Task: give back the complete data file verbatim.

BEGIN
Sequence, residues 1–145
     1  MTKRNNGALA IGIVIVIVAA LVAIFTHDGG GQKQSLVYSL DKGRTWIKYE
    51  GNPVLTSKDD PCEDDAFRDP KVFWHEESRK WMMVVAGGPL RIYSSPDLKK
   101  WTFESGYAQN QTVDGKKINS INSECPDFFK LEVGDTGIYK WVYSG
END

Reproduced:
Sequence, residues 1–145
     1  MTKRNNGALA IGIVIVIVAA LVAIFTHDGG GQKQSLVYSL DKGRTWIKYE
    51  GNPVLTSKDD PCEDDAFRDP KVFWHEESRK WMMVVAGGPL RIYSSPDLKK
   101  WTFESGYAQN QTVDGKKINS INSECPDFFK LEVGDTGIYK WVYSG